The best cleaning solutions now available include those described in U.S. Pat. No. 3,793,221 cited above, and the present invention is particularly applicable to improvements in such compositions. It has been found that not all flocculating agents can be added to such compositions, and achieve the desired results. However, flocculating agents which are active in the neutral and alkaline pH areas such as ions of aluminum or iron do not tend to form flocs in the acid cleaning solution, are stable, and are effective in providing pretreatment of the subsequent waste water in accordance with the invention. In such cases, the waste water is first made alkaline by combination with an alkaline wash, by adding an alkaline compound or both, and this effects pretreatment of the waste through the formation of aluminum hydroxide, ferrous hydroxide, or ferric hydroxide flocs. In this way, the final treatment of the waste water is simplified.
Thus it is seen that the invention also provides an improved acid cleaning composition, which has the advantage of easier disposal after use. In addition, the preferred acid cleaner composition is as good or better than the composition that does not contain aluminum or iron ions. This acid cleaner concentrate comprises:
(1) an inorganic acid in an amount from about 5 to about 78 weight percent,
(2) an organic acid selected from the group consisting of oxalic, tartaric, citric and mixtures thereof in an amount from about 1 to about 6 weight percent,
(3) a nonionic surfactant in an amount from about 7 to about 23 weight percent,
(4) an anionic surfactant in an amount from about 1 to about 7 weight percent,
(5) a flocculating agent containing bivalent iron, trivalent iron or trivalent aluminum in soluble form in acid solution and in an amount of from about 1.0 to about 12.0 weight percent, and
(6) water in an amount from about 75 to about 12 weight percent;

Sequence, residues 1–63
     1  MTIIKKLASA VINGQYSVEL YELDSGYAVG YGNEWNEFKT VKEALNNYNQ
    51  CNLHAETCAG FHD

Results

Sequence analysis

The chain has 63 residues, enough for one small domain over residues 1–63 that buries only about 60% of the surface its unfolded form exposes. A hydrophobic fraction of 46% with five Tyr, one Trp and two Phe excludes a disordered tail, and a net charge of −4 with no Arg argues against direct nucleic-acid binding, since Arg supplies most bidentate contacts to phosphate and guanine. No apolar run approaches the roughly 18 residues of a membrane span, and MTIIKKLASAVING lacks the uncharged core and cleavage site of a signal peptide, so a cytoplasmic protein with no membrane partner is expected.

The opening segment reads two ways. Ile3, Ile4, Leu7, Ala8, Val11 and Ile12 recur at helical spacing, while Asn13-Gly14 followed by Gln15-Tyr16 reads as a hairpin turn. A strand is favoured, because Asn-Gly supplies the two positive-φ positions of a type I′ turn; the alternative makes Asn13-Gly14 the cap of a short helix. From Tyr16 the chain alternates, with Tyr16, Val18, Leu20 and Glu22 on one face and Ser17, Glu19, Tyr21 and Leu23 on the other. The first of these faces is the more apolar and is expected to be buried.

all weight percents being based on a total composition, provided that said nonionic surfactant and said anionic surfactant when taken together constitute from about 10 to about 30 weight percent of said composition and said nonionic surfactant constitutes from about 75 to about 90 weight percent of the combined weight of the nonionic and anionic surfactants.
The concentrate when diluted with 1 to 5 parts of water per part of concentrate is effectively used to remove siliceous and/or oily soils from metal vehicles without a subsequent alkaline rinsing by flowing on a continuous coat of the cleaner, allowing the cleaner to remain on the surface of the vehicle for a period of time followed by a simple rinsing with water under impingement force pressure.
However, alkaline rinsing may be used, if desired, and the rinse is then added to the waste wash water. Upon sufficient addition of alkaline material, usually by separate addition of sufficient alkaline compounds, flocculation occurs and treatment of the water begins. It is an important feature of the invention that the ratio of flocculent to cleaning composition is fixed by the inventive concept, and therefore some of the control systems heretofore required in the waste treating plant are not required.